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Teen Use of Any Illicit Drug Other Than Marijuana at New Low, Same True for Alcohol

Teenagers' use of drugs, alcohol, and tobacco declined significantly in 2016 at rates that are at their lowest since the 1990s, a new national study showed.

But University of Michigan (U-M) researchers cautioned that while these developments are "trending in the right direction," marijuana use still remains high for 12th-graders.

The results derive from the annual Monitoring the Future study, now in its 42nd year. About 45,000 students in some 380 public and private secondary schools have been surveyed each year in this national study, designed and conducted by research scientists at U-M's Institute for Social Research and funded by the National Institute on Drug Abuse. Students in grades 8, 10, and 12 are surveyed.

Overall, the proportion of secondary school students in the country who used any illicit drug in the prior year fell significantly between 2015 and 2016. The decline in narcotic drugs is of particular importance, the researchers say. This year's improvements were particularly concentrated among 8th- and 10th-graders.

Considerably fewer teens reported using any illicit drug other than marijuana in the prior 12 months—5%, 10%, and 14% in grades 8, 10, and 12, respectively—than at any time since 1991. These rates reflect a decline of about one percentage point in each grade in 2016, but a much larger decline over the longer term.

In fact, the overall percentage of teens using any of the illicit drugs other than marijuana has been in a gradual, long-term decline since the last half of the 1990s, when their peak rates reached 13%, 18%, and 21%, respectively.

Marijuana, the most widely used of the illicit drugs, dropped sharply in 2016 in use among 8th-graders to 9.4%, or about 1 in 11 indicating any use in the prior 12 months. Use also declined among 10th-graders as well, though not by a statistically significant amount, to 24% or about 1 in 4 10th-graders.

The annual prevalence of marijuana use (referring to the percentage using any marijuana in the prior 12 months) has been declining gradually among 8th-graders since 2010, and more sharply among 10th-graders since 2013. Among 12th-graders, however, the prevalence of marijuana use is higher (36%) and has held steady since 2011. These periods of declining use (or in the case of 12th-graders, stabilization) followed several years of increasing use by each of these age groups.

Daily or near-daily use of marijuana—defined as use on 20 or more occasions in the previous 30 days—also declined this year among the younger teens (significantly so in 8th grade to 0.7% and to 2.5% among 10th-graders). However, there was no change among 12th-graders in daily use, which remains quite high at 6% or roughly 1 in 17 12th-graders—about where it has been since 2010.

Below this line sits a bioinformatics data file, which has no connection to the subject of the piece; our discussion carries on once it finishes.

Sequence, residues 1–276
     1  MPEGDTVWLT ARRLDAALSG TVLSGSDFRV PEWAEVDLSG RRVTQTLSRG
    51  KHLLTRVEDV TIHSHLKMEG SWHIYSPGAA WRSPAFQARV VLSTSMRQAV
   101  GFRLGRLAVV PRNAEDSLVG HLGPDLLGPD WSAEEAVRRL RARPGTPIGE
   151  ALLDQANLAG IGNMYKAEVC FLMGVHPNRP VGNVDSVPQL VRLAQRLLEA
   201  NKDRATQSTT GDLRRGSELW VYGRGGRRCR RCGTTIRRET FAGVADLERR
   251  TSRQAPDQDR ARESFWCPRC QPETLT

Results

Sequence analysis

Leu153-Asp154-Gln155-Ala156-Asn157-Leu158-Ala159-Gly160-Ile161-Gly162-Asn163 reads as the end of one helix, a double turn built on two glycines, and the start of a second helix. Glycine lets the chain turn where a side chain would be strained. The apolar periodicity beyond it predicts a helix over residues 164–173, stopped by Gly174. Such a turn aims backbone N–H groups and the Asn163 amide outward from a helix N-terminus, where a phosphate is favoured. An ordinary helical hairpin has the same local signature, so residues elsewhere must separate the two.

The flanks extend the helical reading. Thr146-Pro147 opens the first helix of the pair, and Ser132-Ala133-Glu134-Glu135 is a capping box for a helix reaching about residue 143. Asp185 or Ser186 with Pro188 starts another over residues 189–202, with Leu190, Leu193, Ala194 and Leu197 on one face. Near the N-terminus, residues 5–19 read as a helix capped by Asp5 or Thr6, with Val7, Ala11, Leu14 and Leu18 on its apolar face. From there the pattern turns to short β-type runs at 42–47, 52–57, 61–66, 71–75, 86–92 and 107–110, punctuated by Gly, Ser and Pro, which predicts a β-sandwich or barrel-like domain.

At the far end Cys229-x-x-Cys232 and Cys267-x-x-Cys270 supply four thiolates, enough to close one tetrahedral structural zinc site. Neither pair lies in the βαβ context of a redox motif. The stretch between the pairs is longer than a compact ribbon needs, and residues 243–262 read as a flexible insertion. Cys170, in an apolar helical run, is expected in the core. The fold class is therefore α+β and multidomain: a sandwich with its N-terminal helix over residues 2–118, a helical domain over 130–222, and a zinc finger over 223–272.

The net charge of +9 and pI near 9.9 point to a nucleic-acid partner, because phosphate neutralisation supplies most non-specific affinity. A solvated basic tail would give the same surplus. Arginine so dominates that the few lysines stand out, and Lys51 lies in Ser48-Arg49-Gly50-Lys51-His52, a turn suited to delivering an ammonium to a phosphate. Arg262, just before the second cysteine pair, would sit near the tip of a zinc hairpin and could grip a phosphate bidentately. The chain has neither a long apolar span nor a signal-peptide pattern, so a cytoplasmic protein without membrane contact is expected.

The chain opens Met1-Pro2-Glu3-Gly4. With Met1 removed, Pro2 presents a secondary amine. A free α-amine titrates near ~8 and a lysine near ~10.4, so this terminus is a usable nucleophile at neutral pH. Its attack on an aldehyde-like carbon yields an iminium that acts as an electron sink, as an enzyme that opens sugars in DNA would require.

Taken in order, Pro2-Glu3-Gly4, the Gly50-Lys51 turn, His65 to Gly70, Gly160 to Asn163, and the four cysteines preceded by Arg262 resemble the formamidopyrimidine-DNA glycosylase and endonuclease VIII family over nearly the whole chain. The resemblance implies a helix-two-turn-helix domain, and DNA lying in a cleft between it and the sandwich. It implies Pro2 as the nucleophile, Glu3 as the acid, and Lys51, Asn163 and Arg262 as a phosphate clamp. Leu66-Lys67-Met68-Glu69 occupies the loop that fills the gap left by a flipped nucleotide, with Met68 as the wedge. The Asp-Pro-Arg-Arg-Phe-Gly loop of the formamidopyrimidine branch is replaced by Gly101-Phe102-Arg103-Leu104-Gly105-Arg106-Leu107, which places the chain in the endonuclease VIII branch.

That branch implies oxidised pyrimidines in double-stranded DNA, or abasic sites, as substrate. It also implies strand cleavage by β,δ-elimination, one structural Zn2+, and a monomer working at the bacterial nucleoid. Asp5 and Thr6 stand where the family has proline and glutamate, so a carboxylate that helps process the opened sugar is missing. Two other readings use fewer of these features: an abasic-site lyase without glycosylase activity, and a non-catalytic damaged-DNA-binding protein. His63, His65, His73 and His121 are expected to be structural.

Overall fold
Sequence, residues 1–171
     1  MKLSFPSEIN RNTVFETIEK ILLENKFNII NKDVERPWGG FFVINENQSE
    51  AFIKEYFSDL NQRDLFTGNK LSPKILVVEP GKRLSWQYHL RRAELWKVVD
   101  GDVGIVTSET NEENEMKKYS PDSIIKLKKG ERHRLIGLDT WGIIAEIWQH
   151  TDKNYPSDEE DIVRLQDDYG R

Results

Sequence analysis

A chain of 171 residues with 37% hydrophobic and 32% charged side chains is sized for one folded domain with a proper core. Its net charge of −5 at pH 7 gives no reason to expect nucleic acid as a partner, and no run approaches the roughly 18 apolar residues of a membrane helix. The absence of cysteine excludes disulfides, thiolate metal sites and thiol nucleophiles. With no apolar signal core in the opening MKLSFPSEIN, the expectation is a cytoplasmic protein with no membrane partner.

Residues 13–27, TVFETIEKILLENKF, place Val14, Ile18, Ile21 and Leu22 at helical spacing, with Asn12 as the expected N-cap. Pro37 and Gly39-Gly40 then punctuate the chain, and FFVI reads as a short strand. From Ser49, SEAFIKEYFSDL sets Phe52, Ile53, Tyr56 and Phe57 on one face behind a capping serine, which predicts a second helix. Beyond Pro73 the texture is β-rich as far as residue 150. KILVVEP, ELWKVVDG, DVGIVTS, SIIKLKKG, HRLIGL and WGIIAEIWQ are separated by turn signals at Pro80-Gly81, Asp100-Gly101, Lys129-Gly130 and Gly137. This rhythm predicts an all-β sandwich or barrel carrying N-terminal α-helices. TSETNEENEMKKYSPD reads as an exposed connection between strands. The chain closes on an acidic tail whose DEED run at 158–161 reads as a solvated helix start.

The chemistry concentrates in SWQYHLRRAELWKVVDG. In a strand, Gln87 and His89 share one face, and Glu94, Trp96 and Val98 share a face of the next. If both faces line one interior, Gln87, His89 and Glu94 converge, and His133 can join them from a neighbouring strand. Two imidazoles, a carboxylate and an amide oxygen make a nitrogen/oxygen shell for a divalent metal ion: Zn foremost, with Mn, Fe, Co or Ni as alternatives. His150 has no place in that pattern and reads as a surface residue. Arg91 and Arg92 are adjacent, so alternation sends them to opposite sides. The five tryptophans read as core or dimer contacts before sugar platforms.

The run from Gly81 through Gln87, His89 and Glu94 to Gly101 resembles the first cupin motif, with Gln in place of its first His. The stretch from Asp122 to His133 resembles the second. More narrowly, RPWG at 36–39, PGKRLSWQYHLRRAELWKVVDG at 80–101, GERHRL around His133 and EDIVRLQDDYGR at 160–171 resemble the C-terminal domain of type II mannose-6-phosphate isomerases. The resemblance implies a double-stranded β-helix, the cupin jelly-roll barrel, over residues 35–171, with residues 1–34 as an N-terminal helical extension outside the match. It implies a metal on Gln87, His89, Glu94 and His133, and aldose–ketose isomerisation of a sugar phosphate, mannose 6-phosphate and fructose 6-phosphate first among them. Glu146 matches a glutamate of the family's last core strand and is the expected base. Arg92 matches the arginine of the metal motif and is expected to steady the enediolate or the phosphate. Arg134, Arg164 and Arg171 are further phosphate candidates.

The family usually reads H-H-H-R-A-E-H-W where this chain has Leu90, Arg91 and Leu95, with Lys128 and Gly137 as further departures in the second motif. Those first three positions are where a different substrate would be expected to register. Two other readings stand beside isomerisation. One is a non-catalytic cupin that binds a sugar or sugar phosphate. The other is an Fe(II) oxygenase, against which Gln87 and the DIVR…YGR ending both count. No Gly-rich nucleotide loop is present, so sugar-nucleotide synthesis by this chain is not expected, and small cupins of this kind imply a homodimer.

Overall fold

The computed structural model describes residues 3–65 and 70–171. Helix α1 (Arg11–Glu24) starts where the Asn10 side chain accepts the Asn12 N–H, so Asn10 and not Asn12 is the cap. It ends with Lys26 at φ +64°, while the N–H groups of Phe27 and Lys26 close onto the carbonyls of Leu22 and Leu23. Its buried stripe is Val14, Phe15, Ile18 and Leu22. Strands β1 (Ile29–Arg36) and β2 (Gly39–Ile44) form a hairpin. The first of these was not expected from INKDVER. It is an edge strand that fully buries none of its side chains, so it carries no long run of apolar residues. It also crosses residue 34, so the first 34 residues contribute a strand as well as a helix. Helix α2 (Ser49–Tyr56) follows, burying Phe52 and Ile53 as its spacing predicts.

Prescription amphetamines and other stimulants used without medical direction have constituted the second-most widely used class of illicit drugs used by teens. Their use has fallen considerably, however. In 2016, 3.5%, 6.1%, and 6.7% of 8th-, 10th-, and 12th-graders, respectively, say they have used any in the prior 12 months—down from recent peak levels of 9%, 12%, and 11%, respectively, reached during the last half of the 1990s.

Prescription narcotic drugs have presented a serious problem for the country in recent years, with increasing numbers of overdose deaths and emergencies resulting from their use. Fortunately, the use of these drugs outside of medical supervision has been in decline, at least among high school seniors—the only ones for whom narcotics use is reported. In 2004, a high proportion of 12th-graders—9.5%, or nearly 1 in 10—indicated using a prescription narcotic in the prior 12 months, but today that percentage is down by one-half to 4.8%.

"That's still a lot of young people using these dangerous drugs without medical supervision, but the trending is in the right direction," says Lloyd Johnston, the study's principal investigator. "Fewer are risking overdosing as teenagers, and hopefully more will remain abstainers as they pass into their twenties, thereby reducing the number who become casualties in those high-risk years."

Users of narcotic drugs without medical supervision were asked where they get the drugs they use. About 4 in 10 of the past-year users indicated that they got them "from a prescription I had."

"That suggests that physicians and dentists may want to consider reducing the number of doses they routinely prescribe when giving these drugs to their patients, and in particular to teenagers," Johnston says.

Heroin is another narcotic drug of obvious importance. There is no evidence in the study that the use of heroin has risen as the use of prescription narcotics has fallen—at least not in this population of adolescents still in school, who represent over 90% of their respective age groups.